This post originally appeared in the OARacle newsletter.
Imagine a young man with autism who is great with electronics, loves anime and graphic novels, and graduated from high school with good grades and a standard diploma. He also had great teachers and a personal assistant who were right by his side throughout his school career. An adult agency assigned him a job, which pays some bills and keeps him busy during the day. His parents, who love him dearly, have protected him from many of the difficulties of teenage life. Wouldn’t you call him a success? Wouldn’t anyone?
Yet when I first met him, he was miserable. He complained bitterly about being lonely, feeling incompetent and isolated. He had never been taught about autism and was not able to articulate his strengths and needs. He couldn’t manage money or make major purchases on his own. He didn’t know how to take care of himself, travel independently, or schedule activities that he wanted to do. Despite all of the love and help he had been showered with, he lacked the skills necessary to express his wants and needs and live as independently as possible.
Too often, young people with disabilities have things done for them that their typical peers do themselves and that, in most cases, they ought to be able to do themselves. This can range from picking their own clothes out in the morning to deciding what classes to take and which extracurricular activities to be involved in. All students, even those who are very young or have limited language, can be taught to become self-advocates.
What Is Self-advocacy?
Self-advocacy is having the right to make and express your own life decisions and choices. Self-advocacy refers to an individual’s ability to effectively communicate, convey, negotiate, or assert his or her own interests, desires, needs, and rights. It involves making informed decisions and taking responsibility for those decisions. Numerous studies demonstrate a clear link between teaching children self-advocacy skills and their ability to be happy, well-functioning adults.
Andrew: “Self-advocacy is the one thing keeping my social life afloat, and a normal life is possible because of it.”
Michael: “Without the ability to self-advocate, no one will know what you can or can’t do, or what you desire.”
Self-advocacy includes these components:
- Encouraging use of language that is inclusive, respectful, and person-first
- Knowing what services, modifications, and accommodations you require and being able to request them
- Knowing whom to ask and where to go to get assistance and support
- Understanding and expressing one’s strengths, talents, and interests
- Being able to create personal goals and follow a path to achieve those goals
- Having the ability to make choices
How Can You Help Children Learn to Self-advocate?
1. Include students in the IEP process.
- The special education law (IDEA 2004) says that all students must be included to the best of their ability.
- Use simple language or even pictures to help them understand their strengths and areas of need.
- Start to include children at an early age at their meetings, even if it is just for a few minutes at first, for introductions. (Having a favorite food at the meeting can help encourage their interest.)
- Have all team members speak to the student rather than about the student.
- Older students can prepare and share a PowerPoint discussing their IEP – goals, accommodations, present levels of performance – in their own words (and pictures).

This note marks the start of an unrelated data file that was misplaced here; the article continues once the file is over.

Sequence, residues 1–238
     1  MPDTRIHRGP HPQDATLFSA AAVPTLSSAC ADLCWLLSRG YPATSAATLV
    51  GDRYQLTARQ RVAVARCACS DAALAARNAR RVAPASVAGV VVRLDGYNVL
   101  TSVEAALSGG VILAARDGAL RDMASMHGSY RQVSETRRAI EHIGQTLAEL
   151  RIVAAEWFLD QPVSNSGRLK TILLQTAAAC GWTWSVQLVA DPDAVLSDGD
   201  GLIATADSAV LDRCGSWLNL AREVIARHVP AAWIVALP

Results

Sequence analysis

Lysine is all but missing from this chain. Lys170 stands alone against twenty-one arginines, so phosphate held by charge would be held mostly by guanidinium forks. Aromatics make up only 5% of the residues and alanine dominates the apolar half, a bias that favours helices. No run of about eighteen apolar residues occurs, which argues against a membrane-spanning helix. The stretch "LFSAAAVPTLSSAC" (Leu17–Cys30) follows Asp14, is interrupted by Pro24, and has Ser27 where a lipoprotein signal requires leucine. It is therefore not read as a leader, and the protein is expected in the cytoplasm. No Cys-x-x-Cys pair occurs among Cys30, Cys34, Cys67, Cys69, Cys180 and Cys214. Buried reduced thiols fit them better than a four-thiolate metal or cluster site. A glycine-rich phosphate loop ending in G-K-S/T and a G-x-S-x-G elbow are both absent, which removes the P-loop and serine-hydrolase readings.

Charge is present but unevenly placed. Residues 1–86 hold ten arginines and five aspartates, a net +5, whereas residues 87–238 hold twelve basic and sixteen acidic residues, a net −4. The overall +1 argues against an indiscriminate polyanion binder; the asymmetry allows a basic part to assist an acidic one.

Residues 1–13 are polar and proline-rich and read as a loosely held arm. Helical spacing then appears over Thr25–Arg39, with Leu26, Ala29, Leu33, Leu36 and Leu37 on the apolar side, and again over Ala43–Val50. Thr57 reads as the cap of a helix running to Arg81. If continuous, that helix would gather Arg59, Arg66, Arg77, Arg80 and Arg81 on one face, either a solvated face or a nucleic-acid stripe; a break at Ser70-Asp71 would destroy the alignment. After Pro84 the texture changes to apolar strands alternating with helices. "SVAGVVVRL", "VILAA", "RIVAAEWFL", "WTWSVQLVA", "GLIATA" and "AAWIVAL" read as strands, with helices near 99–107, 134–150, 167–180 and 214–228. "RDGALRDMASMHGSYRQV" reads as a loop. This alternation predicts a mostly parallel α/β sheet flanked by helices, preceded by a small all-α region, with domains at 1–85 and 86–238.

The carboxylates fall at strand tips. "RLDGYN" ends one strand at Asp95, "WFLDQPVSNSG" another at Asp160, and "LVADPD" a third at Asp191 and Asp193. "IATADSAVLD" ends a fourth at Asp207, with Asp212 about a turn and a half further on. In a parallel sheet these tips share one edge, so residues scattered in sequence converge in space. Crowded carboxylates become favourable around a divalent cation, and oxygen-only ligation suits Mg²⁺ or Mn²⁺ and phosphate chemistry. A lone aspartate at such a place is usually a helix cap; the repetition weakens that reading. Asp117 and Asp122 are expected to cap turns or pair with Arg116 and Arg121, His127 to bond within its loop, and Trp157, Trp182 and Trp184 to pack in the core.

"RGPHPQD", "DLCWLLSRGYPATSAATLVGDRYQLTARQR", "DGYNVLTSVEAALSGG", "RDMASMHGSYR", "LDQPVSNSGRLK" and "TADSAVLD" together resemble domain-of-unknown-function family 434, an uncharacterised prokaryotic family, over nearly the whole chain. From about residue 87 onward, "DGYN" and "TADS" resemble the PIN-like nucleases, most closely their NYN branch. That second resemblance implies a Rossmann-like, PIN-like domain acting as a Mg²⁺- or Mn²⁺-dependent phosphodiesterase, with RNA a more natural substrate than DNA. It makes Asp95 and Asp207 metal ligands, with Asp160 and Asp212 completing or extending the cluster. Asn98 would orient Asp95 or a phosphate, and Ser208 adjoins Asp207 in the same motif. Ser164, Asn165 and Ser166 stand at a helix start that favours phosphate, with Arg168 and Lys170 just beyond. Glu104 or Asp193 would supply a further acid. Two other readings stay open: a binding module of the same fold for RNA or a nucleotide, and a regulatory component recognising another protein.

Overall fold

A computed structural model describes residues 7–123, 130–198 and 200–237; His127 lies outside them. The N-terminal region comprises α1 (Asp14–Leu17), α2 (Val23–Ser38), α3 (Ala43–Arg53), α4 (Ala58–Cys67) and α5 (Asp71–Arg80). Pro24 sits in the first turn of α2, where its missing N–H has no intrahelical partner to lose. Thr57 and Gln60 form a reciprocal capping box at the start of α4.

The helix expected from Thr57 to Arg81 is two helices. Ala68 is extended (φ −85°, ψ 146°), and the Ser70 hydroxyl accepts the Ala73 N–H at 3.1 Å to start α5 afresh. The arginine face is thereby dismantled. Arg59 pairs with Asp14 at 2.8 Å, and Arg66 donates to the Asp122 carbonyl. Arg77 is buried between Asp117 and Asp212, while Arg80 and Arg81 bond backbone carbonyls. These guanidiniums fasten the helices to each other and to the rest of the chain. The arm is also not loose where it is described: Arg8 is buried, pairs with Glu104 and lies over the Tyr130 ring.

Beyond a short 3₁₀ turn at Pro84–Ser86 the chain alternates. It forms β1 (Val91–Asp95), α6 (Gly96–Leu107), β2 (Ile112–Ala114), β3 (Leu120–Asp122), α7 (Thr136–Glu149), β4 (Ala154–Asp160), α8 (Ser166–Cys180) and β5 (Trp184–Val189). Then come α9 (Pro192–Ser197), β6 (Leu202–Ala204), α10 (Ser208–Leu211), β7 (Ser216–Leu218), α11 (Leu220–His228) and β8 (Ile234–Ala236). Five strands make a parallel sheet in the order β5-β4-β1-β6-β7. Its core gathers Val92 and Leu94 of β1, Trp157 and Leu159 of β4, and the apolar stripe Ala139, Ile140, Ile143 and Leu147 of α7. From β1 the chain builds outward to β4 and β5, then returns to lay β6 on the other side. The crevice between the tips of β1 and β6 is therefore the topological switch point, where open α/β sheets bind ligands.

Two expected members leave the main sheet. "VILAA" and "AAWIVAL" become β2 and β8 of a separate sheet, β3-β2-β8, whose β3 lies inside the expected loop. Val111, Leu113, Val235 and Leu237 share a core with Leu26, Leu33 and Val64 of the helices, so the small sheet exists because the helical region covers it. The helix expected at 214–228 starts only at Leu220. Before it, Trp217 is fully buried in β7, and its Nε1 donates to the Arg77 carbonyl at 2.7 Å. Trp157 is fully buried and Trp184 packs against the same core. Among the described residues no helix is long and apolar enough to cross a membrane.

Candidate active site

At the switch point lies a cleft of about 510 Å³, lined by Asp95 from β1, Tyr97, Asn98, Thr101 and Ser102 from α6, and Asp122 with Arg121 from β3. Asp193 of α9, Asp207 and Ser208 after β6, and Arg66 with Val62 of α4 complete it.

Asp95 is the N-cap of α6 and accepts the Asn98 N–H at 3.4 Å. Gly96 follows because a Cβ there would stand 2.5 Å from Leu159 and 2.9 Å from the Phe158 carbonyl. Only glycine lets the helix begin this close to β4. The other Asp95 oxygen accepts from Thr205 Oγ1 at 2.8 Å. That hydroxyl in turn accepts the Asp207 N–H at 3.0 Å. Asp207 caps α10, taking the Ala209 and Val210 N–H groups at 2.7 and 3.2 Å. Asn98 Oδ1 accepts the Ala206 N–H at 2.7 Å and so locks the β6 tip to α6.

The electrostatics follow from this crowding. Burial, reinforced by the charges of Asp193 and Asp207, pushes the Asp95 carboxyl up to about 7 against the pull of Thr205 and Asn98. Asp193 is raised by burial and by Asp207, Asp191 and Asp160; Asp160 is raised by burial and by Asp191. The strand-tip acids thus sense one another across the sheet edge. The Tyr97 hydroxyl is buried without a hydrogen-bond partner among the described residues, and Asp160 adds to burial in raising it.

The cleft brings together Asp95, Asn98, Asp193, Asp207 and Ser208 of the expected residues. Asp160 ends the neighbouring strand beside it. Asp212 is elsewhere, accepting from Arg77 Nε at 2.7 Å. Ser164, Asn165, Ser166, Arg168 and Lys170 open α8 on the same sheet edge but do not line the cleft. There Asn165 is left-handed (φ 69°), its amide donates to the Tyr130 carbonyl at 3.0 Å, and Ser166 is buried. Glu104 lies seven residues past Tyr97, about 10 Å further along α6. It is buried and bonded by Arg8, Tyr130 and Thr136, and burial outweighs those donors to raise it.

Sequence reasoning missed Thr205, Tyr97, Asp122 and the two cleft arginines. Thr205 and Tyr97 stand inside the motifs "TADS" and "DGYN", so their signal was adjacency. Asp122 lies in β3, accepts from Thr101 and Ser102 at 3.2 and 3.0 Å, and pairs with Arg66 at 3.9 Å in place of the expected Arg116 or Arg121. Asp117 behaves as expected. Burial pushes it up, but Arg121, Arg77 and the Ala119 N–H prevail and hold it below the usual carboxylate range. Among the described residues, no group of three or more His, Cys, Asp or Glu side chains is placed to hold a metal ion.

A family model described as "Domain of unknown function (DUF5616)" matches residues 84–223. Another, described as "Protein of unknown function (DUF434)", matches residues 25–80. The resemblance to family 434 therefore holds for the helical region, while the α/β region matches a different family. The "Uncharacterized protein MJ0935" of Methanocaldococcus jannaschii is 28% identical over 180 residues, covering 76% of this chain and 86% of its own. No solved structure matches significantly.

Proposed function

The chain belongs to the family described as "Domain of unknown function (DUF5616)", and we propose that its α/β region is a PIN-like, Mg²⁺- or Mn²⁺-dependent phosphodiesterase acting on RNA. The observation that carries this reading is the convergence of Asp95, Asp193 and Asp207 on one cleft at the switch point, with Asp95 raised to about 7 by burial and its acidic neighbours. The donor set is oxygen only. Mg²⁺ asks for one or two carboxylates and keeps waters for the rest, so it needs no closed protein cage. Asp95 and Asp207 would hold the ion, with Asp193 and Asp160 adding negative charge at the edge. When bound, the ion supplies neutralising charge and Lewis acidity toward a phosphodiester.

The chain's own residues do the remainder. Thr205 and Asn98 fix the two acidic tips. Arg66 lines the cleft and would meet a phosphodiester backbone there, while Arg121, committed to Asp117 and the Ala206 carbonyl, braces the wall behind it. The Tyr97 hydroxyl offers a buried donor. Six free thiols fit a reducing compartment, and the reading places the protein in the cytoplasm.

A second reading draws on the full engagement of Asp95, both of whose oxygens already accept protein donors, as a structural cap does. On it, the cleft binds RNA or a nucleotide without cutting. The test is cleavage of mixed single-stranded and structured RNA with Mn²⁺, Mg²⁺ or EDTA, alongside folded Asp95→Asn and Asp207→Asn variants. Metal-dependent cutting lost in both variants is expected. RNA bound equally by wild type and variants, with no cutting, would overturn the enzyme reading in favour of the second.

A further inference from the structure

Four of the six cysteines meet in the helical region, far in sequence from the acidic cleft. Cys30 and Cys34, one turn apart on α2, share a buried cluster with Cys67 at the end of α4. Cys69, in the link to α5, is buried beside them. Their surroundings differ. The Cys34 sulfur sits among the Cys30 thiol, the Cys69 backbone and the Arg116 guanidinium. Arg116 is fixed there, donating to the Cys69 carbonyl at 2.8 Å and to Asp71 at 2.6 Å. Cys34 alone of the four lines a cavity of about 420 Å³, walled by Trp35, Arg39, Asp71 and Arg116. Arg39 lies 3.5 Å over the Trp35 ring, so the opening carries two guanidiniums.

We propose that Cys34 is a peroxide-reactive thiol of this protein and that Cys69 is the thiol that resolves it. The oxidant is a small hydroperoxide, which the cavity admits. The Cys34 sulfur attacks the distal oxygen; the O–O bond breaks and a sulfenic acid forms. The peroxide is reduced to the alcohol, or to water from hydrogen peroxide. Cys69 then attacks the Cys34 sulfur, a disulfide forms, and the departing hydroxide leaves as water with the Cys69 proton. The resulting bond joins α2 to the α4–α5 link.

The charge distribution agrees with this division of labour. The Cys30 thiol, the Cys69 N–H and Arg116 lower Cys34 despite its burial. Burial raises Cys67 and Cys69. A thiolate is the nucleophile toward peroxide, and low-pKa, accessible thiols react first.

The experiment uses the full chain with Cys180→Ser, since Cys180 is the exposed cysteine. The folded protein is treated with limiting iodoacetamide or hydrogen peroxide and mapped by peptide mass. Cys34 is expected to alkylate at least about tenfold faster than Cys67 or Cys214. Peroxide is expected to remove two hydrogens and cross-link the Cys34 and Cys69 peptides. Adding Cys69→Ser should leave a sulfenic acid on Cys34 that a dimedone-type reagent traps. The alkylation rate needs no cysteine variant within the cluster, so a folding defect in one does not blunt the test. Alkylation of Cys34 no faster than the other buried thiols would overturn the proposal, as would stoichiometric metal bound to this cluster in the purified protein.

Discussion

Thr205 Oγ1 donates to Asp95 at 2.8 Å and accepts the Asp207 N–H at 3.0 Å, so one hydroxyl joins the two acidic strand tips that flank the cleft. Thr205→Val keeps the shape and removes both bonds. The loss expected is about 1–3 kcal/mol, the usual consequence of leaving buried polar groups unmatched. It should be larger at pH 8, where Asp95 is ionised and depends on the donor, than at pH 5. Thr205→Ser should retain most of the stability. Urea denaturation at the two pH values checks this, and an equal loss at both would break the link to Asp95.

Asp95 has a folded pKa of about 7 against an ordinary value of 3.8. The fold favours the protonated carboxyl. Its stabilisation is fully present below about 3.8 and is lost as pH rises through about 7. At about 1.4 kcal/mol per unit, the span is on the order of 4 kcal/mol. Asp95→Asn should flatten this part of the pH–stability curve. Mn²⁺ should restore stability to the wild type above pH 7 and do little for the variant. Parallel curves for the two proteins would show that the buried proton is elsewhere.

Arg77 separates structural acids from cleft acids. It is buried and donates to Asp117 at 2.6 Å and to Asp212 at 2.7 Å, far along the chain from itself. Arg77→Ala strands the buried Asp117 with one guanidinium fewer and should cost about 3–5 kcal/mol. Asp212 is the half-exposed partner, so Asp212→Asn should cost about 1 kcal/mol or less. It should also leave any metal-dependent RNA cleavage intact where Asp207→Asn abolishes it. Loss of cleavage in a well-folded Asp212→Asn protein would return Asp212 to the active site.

2. Give children the freedom to make choices.
- Use preference and reinforcer surveys to determine what types of rewards and activities a child would like.
- Starting from an early age, present a child with choices: “Which do you want to do first, your math homework or reading?”
- Let them learn that they have the right to say “no” so that they can say it to requests that are unreasonable or dangerous.
- Role-play scenarios that involve making a choice. For example, if you are in a department store shopping, ask your child which person he would go to for help if he couldn’t find you. Role Play Scenarios Across Several Settings for Life Skills offers a number of scenarios for teens.
3. Teach self-advocacy skills.
- Use a checklist (like this one) to determine which skills a child already has and which he or she needs to learn.
- Children should know about their disability and how and when to disclose their needs to others. I’m Determined has some great resources for teaching children about their disabilities and disclosure. The Americans with Disabilities Act describes when disabilities must be disclosed and to whom.
- Teach children to start taking a role in planning their own activities, such as using a calendar.
- Encourage children to try to do activities that they can do on their own as independently as possible.
It is never too early — or too late — to start teaching your children about self-advocacy. You want your children to have the highest quality of life possible, even when you are not present to advocate on their behalf. Instilling in your child the ability to make choices, say “no,” locate people that can help them, and to be able to identify and select items and activities that they enjoy will help ensure that this goal will be fulfilled. Remember that it takes time and the support of your community to help all children self-advocate, but it can be achieved.
- I’m Determined
- National Gateway to Self Determination Pacer
- Autistic Self-Advocacy Network
- WVU Center for Excellence in Disabilities
- The Integrated Self-Advocacy ISA Curriculum
About the Author
Deborah Hammer is an autism specialist in the Arlington (Virginia) Public Schools, where she provides training and support to staff, students, and parents. She is co-chair of the Northern Virginia Transition Coalition and serves on the Fairfax Area Disability Services Board. She is the founder of Cool Aspies, a social group for young adults with ASD.